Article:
Where Do I Start?


Documentation is an extremely effective tool for advocacy efforts. Often, it's the key to success when dealing with difficult situations. Documentation calls for accountability and also allows for kudos when things go right. The basics are simple:

  • Gather up all your child's records, such as IEP's (Individual Education Plan), school multidisciplinary evaluations, medical records, and any correspondence with people regarding your child's education, medical conditions, or disabilities.

  • Separate them and file them in a large 3-ring binder, sectioned off for categories such as medical, evals, correspondence, IEPs. If you aren't very organized, at least put them into several large, labeled (evaluations, IEP's, medical records, correspondence, etc), manila envelopes.

    I keep the latest IEP with the latest multidisciplinary evaluation. I believe a good IEP is really an extension of the evaluation, and the two are tied closely together. The new Individuals with Disabilities Education Act (IDEA) also recognizes the importance of linking the two documents. Too often the evaluation is never consulted during the actual planning at an IEP meeting. Doing this is the equivalent of getting a medical physical, then no one ever looking at the results or using them for guidance in treatment. Parents need to review both documents and have them on the table before them at any IEP meeting. It would be helpful if administrators and teachers would also refer to both documents.

  • Keep a copy of everything. If anything the district writes in longhand is illegible, ask an administrator to please remain so that you might write out that person's review of the information. Then ask that person to sign the document stating that your rewritten information is accurate.

    If you get a computer printout of the IEP at the end of the meeting, you're entitled to take a copy home and review it thoroughly before you sign anything. It's your responsibility to return the document promptly and either agree or disagree with it.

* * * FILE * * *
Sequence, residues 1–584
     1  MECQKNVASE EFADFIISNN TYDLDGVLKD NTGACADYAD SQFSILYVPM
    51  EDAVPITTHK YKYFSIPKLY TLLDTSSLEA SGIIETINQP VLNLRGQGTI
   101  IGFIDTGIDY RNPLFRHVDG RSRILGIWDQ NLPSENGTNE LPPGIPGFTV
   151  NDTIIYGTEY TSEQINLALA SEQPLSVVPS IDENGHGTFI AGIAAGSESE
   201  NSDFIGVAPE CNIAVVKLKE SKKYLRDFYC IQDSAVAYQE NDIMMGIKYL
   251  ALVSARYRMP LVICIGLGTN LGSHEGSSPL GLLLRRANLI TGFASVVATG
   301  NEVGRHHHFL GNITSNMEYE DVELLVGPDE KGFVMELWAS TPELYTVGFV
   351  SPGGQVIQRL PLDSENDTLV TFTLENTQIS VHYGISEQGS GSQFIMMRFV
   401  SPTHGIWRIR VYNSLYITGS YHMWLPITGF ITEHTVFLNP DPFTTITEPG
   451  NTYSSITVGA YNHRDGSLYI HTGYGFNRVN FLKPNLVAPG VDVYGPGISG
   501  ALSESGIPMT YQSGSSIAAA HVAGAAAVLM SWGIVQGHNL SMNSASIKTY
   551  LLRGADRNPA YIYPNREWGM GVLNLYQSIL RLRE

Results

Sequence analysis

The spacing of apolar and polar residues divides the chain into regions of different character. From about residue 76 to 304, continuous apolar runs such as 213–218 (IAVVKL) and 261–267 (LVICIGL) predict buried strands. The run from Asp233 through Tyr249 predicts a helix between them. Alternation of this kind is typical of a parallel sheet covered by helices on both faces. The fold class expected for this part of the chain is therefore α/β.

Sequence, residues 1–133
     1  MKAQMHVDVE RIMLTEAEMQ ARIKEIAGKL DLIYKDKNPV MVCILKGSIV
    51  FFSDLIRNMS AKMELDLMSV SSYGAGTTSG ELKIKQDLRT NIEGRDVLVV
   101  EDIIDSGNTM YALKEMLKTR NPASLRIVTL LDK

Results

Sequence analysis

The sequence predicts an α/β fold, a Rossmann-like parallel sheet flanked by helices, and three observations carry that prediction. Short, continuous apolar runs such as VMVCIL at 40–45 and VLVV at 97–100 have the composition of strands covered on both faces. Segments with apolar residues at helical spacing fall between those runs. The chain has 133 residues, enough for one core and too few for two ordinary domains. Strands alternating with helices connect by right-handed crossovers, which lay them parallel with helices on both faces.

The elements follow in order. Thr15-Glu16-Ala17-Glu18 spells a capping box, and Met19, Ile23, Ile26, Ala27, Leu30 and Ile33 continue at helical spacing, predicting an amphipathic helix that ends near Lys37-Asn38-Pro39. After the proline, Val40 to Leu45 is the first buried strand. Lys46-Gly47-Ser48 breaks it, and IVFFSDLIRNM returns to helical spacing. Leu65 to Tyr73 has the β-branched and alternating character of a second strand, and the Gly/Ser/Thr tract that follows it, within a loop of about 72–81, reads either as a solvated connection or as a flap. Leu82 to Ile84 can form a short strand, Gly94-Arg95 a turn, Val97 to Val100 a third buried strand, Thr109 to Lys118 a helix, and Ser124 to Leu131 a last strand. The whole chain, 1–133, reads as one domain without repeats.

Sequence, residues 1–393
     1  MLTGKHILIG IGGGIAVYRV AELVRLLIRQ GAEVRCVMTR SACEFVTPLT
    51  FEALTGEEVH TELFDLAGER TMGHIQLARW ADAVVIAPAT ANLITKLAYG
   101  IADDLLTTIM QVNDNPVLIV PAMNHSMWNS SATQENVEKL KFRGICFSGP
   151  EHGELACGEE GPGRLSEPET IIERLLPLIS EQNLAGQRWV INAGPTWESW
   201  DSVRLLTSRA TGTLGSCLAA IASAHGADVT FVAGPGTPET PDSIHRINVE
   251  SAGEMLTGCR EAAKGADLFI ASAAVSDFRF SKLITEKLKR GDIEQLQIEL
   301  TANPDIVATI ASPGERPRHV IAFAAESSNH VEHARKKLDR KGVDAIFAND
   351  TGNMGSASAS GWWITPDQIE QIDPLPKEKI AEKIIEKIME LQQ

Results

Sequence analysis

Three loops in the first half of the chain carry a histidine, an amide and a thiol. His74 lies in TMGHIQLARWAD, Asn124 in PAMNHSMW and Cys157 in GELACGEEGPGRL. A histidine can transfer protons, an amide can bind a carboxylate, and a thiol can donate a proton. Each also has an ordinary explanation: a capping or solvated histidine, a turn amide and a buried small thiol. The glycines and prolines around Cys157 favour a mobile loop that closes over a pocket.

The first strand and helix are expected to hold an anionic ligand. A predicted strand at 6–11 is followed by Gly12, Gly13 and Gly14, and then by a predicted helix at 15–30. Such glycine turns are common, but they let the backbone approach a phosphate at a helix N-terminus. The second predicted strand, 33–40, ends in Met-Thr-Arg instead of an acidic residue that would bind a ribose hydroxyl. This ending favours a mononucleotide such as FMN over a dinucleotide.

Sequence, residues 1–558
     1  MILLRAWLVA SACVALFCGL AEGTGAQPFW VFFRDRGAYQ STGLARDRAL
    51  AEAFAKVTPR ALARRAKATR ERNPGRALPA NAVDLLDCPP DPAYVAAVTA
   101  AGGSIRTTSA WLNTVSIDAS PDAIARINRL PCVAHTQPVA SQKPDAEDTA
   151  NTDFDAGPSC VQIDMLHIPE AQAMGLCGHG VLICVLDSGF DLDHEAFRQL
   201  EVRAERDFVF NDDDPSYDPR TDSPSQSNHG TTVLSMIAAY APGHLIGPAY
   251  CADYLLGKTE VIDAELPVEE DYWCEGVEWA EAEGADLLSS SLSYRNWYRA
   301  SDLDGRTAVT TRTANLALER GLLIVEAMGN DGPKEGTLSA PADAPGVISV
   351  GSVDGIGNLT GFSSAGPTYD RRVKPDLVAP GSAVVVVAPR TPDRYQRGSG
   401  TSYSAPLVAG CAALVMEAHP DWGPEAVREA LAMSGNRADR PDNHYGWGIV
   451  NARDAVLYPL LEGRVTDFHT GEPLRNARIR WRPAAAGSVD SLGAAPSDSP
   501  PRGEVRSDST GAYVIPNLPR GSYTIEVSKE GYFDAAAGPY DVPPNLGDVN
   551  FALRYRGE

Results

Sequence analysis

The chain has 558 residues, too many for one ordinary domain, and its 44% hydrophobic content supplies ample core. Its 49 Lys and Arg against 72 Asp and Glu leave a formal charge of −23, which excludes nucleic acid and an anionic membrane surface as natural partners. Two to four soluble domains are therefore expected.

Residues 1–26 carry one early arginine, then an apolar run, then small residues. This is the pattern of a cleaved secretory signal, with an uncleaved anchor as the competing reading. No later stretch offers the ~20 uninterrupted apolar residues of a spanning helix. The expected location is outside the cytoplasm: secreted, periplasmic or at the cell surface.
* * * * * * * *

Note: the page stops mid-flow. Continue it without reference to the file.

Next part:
The only way I'm comfortable with such an IEP, written sight unseen on a computer, is if the district uses commonly available technology and projects the IEP onto a screen, as it's being written. This is a wonderful approach that enables all team participants to review and correct any misinterpretation during the meeting itself. It also affords a very clear, legible document.

  • Ask for a white copy of any carbon document. Carbon smears over time and becomes illegible.

  • Keep an informal journal or notepad by your phone. Record every effort you make to contact school personnel, the date, reply, who the contact was with, and a brief summary of the visit or telephone call.

  • When you attend any meeting, or if you initiate a phone call, have a written list of points you want addressed. Cross them off as they are discussed. Often parents think of those important points after the meeting has ended.

  • Follow up every contact with a "letter of understanding".

next: Writing an Individualized Education Plan The Logical Steps
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APA Reference
Staff, H. (2007, June 7). Where Do I Start?, HealthyPlace. Retrieved on 2024, July 23 from

Last Updated: February 13, 2016

Medically reviewed by Harry Croft, MD

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